You have probably seen or at least heard of the Bill Nye vs. Ken Ham debate about science.
Here's the video:
(starts at about 12:30)
In that video, you can see Bill Nye saying informative things about how we know the age of the Earth and so on, and you can see Ken Ham make painful linguistic distinctions that lack any explanatory power. Ham is obsessed with the distinction between "observational science" and "historical science" which is a concept he made up to cover the part where his theories about the past don't reconcile with science in general. Bill Nye explains the many, many problems with believing the Earth is 6,000 years old and how that belief conflicts with overwhelming observable evidence.
The most striking contrast to me between the two men is actually the quality bar each has for what qualifies as an "answer" to a scientific question. For example, "where did stars come from?" is a question. Ham is enthusiastically satisfied with the answer "the bible tells us God created stars." Meanwhile Bill Nye (and I'd hope any thinking person) finds that empty, and basically a non-answer. Nye wants to know the process through which stars form, the natural laws and physical states that made it possible for them to form, the nature of the fusion chain reaction going on, and so forth. If Ham were to read my words here, he would predictably say that the fusion chain reaction is part of "observable science" so Ham is just as interested in that, but that where a star came from is [arbitrarily placed in the made-up category of] "historical science" so "the bible says God created stars" is a complete answer. Astonishing. I'd hope for more intellectual curiosity than that.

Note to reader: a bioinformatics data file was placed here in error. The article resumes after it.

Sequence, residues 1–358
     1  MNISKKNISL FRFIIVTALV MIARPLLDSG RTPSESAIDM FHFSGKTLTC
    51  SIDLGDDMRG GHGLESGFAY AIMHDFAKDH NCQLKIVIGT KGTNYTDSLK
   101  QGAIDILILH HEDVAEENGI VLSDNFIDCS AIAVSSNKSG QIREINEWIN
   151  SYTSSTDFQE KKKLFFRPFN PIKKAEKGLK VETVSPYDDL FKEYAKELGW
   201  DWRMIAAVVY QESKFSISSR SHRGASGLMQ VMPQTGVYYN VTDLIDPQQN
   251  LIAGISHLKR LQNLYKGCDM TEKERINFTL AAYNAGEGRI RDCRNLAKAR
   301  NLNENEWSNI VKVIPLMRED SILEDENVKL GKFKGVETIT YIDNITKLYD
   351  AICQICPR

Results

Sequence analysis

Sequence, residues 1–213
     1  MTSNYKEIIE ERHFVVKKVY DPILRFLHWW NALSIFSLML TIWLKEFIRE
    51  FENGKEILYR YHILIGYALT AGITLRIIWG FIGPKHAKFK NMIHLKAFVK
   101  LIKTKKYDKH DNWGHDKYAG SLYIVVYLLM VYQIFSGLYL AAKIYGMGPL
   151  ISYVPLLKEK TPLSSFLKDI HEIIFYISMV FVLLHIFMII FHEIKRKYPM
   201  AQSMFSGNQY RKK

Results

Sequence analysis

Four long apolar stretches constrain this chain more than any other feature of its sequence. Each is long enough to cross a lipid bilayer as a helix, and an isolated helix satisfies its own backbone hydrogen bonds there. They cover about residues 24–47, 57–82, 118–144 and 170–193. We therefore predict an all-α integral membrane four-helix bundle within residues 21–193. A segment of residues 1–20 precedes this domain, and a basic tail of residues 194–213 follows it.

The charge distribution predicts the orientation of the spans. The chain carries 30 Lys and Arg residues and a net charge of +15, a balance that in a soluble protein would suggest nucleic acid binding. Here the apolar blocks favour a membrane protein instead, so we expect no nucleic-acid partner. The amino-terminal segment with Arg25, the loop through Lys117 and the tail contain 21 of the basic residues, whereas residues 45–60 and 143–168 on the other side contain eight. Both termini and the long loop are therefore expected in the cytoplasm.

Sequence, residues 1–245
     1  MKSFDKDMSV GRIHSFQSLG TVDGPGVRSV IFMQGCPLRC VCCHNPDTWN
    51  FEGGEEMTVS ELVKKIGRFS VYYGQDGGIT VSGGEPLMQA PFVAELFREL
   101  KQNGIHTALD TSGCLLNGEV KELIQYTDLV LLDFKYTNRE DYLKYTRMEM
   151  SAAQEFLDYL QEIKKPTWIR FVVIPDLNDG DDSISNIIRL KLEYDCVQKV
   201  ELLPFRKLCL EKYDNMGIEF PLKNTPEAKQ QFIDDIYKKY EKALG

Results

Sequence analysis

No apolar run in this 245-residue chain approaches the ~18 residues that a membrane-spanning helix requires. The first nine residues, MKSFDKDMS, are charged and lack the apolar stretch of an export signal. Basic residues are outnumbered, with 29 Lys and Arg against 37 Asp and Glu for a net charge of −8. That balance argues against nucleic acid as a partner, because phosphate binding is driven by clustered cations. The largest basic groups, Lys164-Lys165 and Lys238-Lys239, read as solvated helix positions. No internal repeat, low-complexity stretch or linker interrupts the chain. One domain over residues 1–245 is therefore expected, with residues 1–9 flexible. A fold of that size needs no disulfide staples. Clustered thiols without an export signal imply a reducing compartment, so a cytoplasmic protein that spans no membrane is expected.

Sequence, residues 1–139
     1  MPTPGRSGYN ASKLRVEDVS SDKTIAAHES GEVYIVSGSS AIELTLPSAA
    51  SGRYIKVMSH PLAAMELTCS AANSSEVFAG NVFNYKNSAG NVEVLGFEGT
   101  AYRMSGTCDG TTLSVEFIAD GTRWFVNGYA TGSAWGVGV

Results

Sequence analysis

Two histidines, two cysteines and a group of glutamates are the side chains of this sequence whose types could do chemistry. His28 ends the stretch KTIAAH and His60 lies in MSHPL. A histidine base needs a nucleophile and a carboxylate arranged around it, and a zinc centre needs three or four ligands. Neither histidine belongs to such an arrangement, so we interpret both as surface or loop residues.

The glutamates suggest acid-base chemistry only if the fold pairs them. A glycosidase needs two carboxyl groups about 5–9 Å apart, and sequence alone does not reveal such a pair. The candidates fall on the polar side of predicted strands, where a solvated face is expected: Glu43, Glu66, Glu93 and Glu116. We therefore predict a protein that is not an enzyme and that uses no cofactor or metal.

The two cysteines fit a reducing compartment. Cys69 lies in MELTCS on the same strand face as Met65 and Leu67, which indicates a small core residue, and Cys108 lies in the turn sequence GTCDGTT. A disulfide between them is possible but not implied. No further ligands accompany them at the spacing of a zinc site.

Logic students could study the debate to see the many fallacies Ham uses. There's undertones of the common "if you can't explain a given phenomenon, that means a supernatural being must have done it, rather than a process we do not yet understand." What a strange thing to default to! If you want to argue something, I guess you can just declare your position as the default. (I declare that a teapot is orbiting Jupiter. If you have no evidence on it either way, I guess there really is such a teapot!) This same fallacy came up several time when Nye was asked to explain things currently unknown by science. Nye honestly tells us he doesn't know, and shows us this yearning to learn the answers from more science. Ham tries to frame this as a "gotcha," as if not knowing any of several currently unanswerable problems somehow means we throw out everything we do know and default to Ham's fantastical, supernatural non-explanations.
He also uses the fallacy that non-perfect data means "we can't know anything." Don't dozens of different radioactive dating methods show the Earth is billions of years old? Maybe, but they don't all say exactly the same thing (pretty sure he's exaggerating that, but let's just go with it for now). Check this out: THEREFORE the Earth is 6,000 years old. Again, if there's any shred of non-perfect data, you can declare that we can't know anything about the subject, so we should default to the crazy impossible situation that the Earth is 6,000 years old, and created by a supernatural being that acts outside the laws of nature. If there's perfect data on a subject, just declare it non-perfect and use the same tactic. I laughed when Nye said that if Ham walked into a clock store and saw that the clocks were all set to slightly different times, that he'd think it means we can't know anything about time.
Nye used a clever rhetoric trick at one point that I think is good for dealing with a nonsense claim. The thing about a nonsense claim is that it implies other nonsense if true, so can you expose that from more than one angle. Nye subtly attacked one idea from two sides at once, forcing Ham's position to rest somewhere inbetween two impossibilities. The two sides of attack had to do with how many species were supposedly on Noah's arc and how rapidly species branched into more species since then. In one argument, Nye explains the infeasibility of caring for tens of thousands of animals on a boat built by 8 people who were unskilled in boatmaking. In a separate argument, Nye compares the number of species alive today with the number supposedly on the Arc 6,000 years ago, and computes that it must mean there are 11 new species every day. Wouldn't we notice 11 new species every day?
Ham defends his figures saying that Nye greatly overestimates the number of animals that needed to be on the arc. It could have had just 2,000 he says. And that's the trap. Nye points out that if that's the case, it just makes the other problem even more absurd. Now there has to be even more than 11 new species every day for the story to be true.